Statistical analysis: The true observed yearly rate of babies discharged alive was obtained on the basis of the total number of stillbirths and neonatal deaths and the total number of deliveries. However, it would not have been possible to extract data for all 9333 deliveries of the birth register and it was, therefore, necessary to draw a big enough sample for every year to describe the possibly evolving profile of women and babies over time. For sample size considerations the following calculation was used: whatever the characteristics of interest and for the worst case scenario of a true population frequency of the trait of 50 per cent, which corresponds to the largest binomial variability, a minimum of 96 women were necessary in order to obtain 95% confidence intervals of size ±10 per cent. If the number of women giving births in a given year was less than 100, all cases for that year were considered. Otherwise, we randomly selected 100 births using a computer-generated list of random numbers. The total sample size over the 30-year period thus amounted to 2374 singleton births. For descriptive purposes only, the estimates of the percentages over each of the three decades of operation (1979-1989, 1990-1999 and 2000-2009) were compared with a test for trend [7] . Using the sample data set and for purely explorative purposes, the percentage of babies discharged alive was further analysed using fixed effects logistic regression [8] to allow for the effect of the available potential factors affecting early neonatal mortality. All sampled patients with complete data (N=2205) were included in the logistic regression. As a measure of significance of the model the likelihood-ratio chi-squared statistical test and its P value were noted. All statistical analyses were performed with STATA software [9] . It should be noted that all women admitted for delivery to the DCT hospital, whether transferred to another hospital for emergency or cared for in-house have always been registered in the birth registry and considered in this report (no exclusions have been applied).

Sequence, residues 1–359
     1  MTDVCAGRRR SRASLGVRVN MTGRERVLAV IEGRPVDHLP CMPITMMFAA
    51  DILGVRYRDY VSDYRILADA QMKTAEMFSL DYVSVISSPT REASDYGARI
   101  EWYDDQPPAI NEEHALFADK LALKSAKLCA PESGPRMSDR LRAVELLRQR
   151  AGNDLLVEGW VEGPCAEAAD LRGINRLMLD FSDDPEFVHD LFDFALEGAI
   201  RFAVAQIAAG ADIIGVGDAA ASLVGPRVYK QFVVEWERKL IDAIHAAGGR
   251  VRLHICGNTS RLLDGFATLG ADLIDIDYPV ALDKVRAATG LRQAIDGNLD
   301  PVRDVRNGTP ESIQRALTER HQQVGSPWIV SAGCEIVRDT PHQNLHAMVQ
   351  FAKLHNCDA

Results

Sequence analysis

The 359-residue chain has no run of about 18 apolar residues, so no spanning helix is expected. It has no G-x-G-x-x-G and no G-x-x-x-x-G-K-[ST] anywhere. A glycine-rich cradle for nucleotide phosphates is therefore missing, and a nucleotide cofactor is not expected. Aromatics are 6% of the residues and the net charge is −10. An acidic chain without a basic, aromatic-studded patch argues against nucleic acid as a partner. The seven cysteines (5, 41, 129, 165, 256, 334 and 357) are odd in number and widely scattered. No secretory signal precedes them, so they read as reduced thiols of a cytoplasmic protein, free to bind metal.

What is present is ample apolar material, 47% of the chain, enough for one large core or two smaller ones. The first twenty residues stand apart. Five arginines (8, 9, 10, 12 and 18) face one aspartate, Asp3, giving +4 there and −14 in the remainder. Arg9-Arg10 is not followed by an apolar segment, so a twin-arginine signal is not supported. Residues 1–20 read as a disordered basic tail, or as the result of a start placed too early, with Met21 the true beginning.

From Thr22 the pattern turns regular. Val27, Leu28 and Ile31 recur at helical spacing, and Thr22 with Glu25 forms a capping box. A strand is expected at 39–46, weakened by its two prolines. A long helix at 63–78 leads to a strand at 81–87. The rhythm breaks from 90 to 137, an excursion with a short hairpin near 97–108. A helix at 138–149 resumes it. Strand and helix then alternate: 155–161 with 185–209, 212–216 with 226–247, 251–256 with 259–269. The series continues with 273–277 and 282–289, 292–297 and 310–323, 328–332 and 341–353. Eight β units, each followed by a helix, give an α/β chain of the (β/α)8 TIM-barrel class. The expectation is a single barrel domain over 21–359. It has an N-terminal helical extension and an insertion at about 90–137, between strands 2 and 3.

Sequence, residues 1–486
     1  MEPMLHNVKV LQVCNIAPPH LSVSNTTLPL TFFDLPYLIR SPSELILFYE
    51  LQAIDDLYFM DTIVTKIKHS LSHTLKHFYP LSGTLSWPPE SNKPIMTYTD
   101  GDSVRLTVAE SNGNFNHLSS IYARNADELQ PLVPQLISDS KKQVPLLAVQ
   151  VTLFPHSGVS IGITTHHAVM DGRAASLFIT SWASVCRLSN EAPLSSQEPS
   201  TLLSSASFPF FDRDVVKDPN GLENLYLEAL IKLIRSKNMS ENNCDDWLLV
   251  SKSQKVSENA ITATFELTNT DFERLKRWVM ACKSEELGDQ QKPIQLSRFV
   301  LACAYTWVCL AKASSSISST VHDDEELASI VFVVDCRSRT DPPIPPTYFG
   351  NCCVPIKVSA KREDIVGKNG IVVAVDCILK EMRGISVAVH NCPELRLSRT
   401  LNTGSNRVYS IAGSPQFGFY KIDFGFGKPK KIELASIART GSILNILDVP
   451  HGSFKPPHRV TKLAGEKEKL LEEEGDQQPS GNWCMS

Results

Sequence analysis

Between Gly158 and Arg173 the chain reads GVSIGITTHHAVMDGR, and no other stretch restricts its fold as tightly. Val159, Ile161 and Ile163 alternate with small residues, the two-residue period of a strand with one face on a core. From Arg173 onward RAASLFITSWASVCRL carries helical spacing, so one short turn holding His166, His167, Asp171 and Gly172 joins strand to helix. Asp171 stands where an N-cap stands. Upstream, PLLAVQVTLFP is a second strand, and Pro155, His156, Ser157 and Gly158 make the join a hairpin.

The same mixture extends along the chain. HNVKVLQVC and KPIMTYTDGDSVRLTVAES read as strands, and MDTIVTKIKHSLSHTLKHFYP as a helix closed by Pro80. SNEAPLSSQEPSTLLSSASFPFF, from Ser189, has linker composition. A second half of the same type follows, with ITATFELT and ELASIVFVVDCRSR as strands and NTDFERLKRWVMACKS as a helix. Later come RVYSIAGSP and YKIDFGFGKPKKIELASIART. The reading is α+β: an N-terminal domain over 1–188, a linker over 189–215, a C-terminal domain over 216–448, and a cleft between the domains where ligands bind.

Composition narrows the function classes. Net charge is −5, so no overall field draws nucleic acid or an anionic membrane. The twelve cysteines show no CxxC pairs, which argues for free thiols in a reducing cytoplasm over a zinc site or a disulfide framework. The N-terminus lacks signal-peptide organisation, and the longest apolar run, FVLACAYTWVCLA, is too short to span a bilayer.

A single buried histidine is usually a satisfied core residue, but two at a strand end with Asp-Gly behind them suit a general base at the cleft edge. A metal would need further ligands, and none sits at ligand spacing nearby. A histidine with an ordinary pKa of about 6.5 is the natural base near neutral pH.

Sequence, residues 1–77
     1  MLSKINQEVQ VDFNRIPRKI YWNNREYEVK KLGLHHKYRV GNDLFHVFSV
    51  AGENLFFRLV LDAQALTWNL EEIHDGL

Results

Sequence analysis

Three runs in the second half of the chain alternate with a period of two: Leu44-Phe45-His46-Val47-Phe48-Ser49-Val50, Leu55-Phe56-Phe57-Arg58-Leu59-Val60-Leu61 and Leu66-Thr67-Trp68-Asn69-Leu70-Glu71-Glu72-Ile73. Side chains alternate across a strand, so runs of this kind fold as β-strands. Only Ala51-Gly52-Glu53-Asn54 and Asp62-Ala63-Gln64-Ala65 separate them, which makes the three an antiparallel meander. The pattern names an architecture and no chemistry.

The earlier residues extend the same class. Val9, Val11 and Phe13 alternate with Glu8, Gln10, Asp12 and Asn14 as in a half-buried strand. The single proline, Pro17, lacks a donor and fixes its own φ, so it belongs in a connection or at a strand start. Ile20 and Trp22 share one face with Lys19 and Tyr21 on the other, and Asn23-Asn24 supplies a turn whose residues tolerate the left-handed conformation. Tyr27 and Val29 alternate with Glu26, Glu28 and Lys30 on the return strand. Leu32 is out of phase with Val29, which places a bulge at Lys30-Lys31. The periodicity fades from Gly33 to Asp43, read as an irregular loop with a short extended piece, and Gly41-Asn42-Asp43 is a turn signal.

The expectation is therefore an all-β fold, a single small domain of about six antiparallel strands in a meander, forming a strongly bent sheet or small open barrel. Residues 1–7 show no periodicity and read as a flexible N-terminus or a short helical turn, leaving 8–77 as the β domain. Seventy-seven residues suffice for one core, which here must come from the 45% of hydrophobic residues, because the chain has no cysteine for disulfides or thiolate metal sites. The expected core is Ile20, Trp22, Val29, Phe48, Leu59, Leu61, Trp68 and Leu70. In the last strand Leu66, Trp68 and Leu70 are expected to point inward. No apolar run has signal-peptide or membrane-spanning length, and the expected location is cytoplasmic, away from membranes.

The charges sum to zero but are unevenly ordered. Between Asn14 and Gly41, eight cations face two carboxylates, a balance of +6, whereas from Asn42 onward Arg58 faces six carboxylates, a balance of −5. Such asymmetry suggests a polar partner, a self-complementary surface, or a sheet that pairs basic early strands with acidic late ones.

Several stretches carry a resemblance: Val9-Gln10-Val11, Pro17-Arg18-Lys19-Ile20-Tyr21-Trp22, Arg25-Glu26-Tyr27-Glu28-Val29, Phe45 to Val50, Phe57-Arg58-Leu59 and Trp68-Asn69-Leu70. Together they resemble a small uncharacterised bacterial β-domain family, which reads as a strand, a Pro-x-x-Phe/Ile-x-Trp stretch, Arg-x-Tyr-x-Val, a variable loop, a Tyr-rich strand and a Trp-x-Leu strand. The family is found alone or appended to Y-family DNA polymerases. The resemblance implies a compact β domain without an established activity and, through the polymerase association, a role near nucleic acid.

Results



Overall, from 1979 to 2009, the cumulative number of deliveries was 9333. The number of deliveries per year slowly went up from a few dozens in the early 1980s, to hundreds throughout the 1990s. Since 1998 a sharp increase was recorded, growing to more than one thousand since 2007 [Figure 1]. [Table 1] shows the main characteristics of the random sample of 2374 deliveries.{Table 1}{Figure 1}